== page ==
“Cool heads prevail,” is a saying that hints at the need to avoid acting on anger or hysteria. In accordance, the worst time to plan an intervention is not when the intervention is most needed. The reason additional Un Peacekeepers will be able to react to violence in South Sudan is that the mechanism for intervention was already in place; whereas, the International Community continues to fail when it comes to unplanned interventions that require a serious commitment. In many respects, our world leaders are dishonest about the need for intervention, thus organizations like the UN have limited credibility and effectiveness.
Public officials continually say things like this or that situation requires a political solution, not a military solution. In many respects, this is really a means of the International Community rationalizing its inability to honor its self-proclaimed commitments and responsibilities. Politics exists to give actors with conflicts of interests a less destructive course of action versus immediately engaging in mass violence. The reason for the violence in South Sudan and Syria is a failure of politics to deliver satisfactory solutions. Meanwhile, every civil society adhering to political, legal, economic, and other social norms do so because policing organizations add more immediate consequent for those willing to engage in violence.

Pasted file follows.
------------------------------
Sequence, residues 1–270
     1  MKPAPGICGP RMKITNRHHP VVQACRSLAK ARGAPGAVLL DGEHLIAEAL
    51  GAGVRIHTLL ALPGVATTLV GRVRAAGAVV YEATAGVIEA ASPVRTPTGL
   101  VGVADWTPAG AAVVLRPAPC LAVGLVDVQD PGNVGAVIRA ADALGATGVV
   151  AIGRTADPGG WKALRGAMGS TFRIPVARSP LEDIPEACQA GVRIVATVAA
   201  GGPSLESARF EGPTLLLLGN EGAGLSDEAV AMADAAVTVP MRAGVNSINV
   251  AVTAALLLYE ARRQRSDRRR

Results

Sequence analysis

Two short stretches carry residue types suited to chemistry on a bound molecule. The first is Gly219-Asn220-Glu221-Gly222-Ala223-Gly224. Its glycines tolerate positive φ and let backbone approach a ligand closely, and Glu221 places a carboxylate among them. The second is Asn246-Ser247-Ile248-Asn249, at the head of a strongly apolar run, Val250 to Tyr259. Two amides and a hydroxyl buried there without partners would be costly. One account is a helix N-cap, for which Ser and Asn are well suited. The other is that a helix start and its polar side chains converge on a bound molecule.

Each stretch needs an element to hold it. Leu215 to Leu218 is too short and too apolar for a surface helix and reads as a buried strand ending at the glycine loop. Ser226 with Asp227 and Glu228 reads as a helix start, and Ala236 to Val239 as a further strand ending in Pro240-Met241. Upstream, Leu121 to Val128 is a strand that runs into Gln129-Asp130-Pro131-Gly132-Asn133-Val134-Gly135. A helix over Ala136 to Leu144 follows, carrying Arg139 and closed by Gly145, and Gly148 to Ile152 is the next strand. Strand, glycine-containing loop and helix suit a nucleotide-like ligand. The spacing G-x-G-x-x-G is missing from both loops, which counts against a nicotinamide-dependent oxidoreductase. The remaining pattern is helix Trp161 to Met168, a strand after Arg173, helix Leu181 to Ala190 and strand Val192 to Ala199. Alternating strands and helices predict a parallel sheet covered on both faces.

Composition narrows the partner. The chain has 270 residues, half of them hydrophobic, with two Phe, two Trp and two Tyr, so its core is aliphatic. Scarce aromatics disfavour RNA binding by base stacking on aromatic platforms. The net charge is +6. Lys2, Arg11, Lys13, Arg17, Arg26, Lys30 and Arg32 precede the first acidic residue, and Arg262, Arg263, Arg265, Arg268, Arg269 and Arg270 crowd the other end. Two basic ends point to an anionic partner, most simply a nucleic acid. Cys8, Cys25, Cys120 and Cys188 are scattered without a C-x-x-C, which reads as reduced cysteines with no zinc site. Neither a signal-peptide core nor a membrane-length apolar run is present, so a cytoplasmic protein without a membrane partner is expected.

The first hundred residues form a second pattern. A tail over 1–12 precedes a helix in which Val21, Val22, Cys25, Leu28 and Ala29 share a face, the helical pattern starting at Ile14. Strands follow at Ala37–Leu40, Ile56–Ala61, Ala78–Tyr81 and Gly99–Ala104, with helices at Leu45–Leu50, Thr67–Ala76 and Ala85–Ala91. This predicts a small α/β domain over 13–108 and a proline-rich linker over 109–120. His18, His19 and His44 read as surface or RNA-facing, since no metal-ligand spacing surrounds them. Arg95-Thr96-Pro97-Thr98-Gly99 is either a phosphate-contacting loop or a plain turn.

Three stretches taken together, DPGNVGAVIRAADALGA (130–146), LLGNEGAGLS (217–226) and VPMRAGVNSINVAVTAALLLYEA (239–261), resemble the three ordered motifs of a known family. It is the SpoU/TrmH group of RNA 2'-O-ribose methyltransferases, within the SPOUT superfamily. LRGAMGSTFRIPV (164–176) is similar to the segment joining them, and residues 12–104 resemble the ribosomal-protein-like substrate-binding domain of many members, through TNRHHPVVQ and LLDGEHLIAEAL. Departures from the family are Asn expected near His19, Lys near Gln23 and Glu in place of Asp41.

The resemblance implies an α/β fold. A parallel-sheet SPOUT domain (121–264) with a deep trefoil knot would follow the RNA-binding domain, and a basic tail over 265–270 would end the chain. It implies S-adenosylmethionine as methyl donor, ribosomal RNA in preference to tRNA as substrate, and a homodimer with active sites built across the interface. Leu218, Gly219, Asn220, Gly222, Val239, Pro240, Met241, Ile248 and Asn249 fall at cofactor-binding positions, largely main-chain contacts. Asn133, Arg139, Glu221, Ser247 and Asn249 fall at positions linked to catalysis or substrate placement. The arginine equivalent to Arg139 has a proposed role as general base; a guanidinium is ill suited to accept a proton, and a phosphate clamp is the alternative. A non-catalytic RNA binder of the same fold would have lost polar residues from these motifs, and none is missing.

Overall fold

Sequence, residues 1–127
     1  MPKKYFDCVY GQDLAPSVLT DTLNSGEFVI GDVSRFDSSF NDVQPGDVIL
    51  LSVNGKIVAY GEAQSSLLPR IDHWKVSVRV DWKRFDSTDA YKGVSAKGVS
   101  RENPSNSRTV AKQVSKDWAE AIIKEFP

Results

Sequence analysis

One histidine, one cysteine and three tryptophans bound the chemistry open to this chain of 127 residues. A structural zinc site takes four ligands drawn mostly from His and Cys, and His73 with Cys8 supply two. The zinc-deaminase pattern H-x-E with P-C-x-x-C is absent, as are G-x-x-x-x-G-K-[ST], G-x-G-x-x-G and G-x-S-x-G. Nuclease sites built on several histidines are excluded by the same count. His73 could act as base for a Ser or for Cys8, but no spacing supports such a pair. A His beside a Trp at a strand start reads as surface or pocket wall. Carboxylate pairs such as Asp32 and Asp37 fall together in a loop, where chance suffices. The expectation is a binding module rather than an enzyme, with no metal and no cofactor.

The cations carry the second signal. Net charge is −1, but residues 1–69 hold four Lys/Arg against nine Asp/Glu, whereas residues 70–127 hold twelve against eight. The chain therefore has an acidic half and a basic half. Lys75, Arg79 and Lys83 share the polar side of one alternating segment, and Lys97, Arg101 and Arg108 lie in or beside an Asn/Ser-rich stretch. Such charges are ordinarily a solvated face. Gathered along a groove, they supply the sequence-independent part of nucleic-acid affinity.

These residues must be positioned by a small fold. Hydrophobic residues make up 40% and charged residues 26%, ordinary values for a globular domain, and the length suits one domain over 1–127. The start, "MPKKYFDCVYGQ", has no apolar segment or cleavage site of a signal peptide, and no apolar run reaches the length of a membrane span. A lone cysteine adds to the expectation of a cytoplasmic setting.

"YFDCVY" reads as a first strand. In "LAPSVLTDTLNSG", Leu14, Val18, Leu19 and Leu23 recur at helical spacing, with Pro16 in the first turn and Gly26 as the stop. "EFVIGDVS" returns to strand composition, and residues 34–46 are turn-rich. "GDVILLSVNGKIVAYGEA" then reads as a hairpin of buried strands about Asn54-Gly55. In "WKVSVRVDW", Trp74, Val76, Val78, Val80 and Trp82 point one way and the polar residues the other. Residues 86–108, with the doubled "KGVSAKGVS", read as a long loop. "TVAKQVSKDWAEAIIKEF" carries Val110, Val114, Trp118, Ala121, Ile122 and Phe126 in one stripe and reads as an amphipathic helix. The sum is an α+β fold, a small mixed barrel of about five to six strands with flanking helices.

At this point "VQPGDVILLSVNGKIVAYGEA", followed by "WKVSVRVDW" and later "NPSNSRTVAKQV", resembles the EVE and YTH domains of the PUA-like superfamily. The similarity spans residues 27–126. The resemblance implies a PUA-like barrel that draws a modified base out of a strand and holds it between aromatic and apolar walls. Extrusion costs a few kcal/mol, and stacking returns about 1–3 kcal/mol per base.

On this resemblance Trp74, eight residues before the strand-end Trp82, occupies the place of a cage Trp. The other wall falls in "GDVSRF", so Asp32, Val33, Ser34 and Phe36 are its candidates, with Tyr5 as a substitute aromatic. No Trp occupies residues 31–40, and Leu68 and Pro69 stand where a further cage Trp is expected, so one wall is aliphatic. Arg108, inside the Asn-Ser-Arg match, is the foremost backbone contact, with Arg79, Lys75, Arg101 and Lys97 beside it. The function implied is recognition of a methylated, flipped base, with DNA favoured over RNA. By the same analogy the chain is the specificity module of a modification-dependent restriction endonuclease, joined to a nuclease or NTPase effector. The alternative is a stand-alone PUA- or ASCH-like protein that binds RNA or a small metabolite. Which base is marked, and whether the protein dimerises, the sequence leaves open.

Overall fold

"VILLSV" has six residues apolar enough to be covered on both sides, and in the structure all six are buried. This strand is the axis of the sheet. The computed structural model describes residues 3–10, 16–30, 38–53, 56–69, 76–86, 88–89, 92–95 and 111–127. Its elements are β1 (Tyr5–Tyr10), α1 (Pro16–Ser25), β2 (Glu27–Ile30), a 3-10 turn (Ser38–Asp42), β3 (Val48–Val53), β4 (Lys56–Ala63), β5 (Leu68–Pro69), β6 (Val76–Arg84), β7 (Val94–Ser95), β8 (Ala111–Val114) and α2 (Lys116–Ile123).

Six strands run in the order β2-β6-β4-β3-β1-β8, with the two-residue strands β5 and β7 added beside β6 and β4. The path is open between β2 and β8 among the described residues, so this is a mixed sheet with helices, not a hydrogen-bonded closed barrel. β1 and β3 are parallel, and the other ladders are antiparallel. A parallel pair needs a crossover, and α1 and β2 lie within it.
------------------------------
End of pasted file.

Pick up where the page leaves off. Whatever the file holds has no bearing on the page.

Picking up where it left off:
In Syria, President Assad quickly bowed to US pressure to dismantle this chemical weapons’ arsenal once he felt military action was forthcoming, i.e. the military solution made the political solution an attractive option enough option for Assad to choose it. In South Sudan, the military solution is more of a police solution, thus UN Peacekeepers are there to prevent violence from spreading while a political solution may be facilitated by South Sudanese political leaders and world leaders. In other words, the UN is doing little to exert a military solution onto the situation.